Backstage with the (Rock) Stars of I'm in the Band

Hannah Montana, meet your match! There's a new musical act in town: Disney XD's I'm In The Band (premiering in January, but catch a special preview on Friday, November 27 at 6:45 p.m.) is a show about a kid named Tripp Campbell (Logan Miller) who auditions for the lead guitar spot in his favorite rock band, Iron Weasel. We'll give you a hint—he makes it into the band. But but he's also the newest, youngest member of a zany, immature clan of 80's has-beens, desperate to climb back to the top of the charts. Derek Jupiter, played by Steve Valentine (Crossing Jordan, Wizards of Waverly Place: The Movie), is Iron Weasel's charismatic frontman. Burger Pitt, played by Greg Baker (Sports Night, Hannah Montana), is the bassist. And the drummer, who goes only by the name of Ash, is played by Stephen Full (Hannah Montana). spoke with all three of Iron Weasel's original members about their newest gig. Why did you decide to jump to children's television after being on adult-oriented shows for so long?
Steve Valentine: It’s such a strange transition. I know, I've done a lot of dark stuff. Did a lot of comedy in the early '90s and then moved into more of the dramatic stuff with things like Crossing Jordan. I'm a big believer in going where life takes you and following those signposts. It all started off with I'm in the Band, when they were talking to me about playing this role of Derek Jupiter and it just snowballed from there. I loved the pilot script and then they're, like, "Hey, you do magic too, right?" And, I was like, "Yeah," and they were like, "Well, you know, there’s this role in the Wizards of Waverly Place movie that's perfect for you. You want to do it?" And I thought, "Yeah, of course." It just grew organically.

Greg Baker: I don't know why. In my career, that just happened. But I am very thankful that it happened because it has made me re-evaluate my ambitions as an actor. I wanted to originally be a television film actor, mainly for adults. I didn't really have a children's direction in mind. I'd actually started earlier—I did an episode of Lizzie McGuire. But ever since Hannah Montana, it's fantastic to be able to entertain kids. I absolutely love it. I love the reaction on the streets, I love being able to stop and take a few minutes with a kid on the street and answer some of their questions. And kids are just so honest and they're so genuine and they just light up.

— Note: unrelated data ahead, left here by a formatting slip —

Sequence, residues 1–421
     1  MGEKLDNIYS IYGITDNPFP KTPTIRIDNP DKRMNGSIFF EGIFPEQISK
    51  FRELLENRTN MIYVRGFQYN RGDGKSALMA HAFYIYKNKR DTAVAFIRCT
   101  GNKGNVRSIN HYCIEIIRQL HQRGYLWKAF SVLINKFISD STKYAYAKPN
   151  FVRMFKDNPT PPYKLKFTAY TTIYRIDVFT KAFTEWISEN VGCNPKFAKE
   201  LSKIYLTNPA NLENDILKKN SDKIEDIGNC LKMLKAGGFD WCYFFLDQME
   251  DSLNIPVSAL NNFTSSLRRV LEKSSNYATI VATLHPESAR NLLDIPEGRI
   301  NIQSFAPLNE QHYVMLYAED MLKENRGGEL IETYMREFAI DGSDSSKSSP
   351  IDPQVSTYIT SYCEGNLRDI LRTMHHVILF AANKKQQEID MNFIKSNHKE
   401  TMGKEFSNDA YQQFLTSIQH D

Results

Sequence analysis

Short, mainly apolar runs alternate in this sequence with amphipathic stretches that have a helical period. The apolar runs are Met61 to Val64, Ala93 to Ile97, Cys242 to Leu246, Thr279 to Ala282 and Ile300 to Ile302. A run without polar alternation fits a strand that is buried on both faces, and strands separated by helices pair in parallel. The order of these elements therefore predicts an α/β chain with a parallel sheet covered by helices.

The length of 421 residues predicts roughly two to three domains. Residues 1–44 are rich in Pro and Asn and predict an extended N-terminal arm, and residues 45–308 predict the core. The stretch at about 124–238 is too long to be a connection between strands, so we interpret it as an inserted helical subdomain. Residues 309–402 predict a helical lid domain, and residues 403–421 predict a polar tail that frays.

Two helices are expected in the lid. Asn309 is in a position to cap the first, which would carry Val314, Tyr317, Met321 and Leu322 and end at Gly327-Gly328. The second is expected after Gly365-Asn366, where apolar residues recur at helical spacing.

Stephen Full: I didn't envision this necessarily being my path, but I like [bringing] the funny and I'm kind of childlike in a lot of ways. So I guess it was a good fit. It's just not something I ever really anticipated ... I did a lot of children's theatre when I was in Chicago, and there's just an innocence about it that really appeals to me.

What do you think kids will like about I'm in the Band?
SV: I think it's wacky. It's pretty insane. The writing is really wonderful, so it's a very funny show. So, the first thing is [that] you’re going to laugh. Secondly, I think the characters are quite lovable, even though they're very flawed. But the three adults on the show are the kids ... and the kid is really the adult in this scenario ... One of the things that appealed to me when I initially read the pilot script was that you had a kid who's going after his dream, to be the lead guitarist in his favorite rock band of all time, Iron Weasel, and he gets that dream. And now he's got to fight to really make it work. He wants to succeed. And I think there's an aspirational thing that will hopefully inspire kids to go after their dreams and take that leap or give it a shot. If you believe in it and this is what you really want in your life, then you should go at it full steam.

GB: Honestly, it's very, very funny. That's just the bottom line. I think the reason why it's funny is because you've got these three adult rock stars, which are essentially children and Tripp, the kid, is essentially the adult. And, we live in a world that really doesn’t have boundaries, so we can do outrageous things, and it's all believable in the world that we live in as rock stars. Because we can be so big and so huge and so over the top, and yet have it still be believable, [it] gives the show an edge that you just aren’t going to see anywhere else.

SF: It's pretty wide ranging. It's got a lot of action. The number one thing that's the priority when we come to work every day is just to make it funny ... I think the show is hysterical, and I probably have [some] arrested development issues, so I think I can speak to what kids are finding funny because I basically find the same stuff funny ... There is rock music in every episode—we basically perform a song an episode. And, that '80s style of rock is in vogue again, I think, because of Guitar Hero. It's a what's-old-is-new-again situation.

How did you create the band's dynamic?
SV: It's something that clicked when we all started working together. Even when we originally shot the pilot, there was just this feeling that we'd all been working together for a long time. I remember that the three of us were called in when they decided the cast ... and there was something that happened and we had to wait for two or three hours. In that time, we just laughed and joked and bonded ... before we even started working on the show, and that was really tremendous. We also went out a couple of times before we started filming the show. I think there's a real desire amongst everyone for this to be the best that we can possibly try and make it. Nobody's hitching a ride here—everyone’s so good.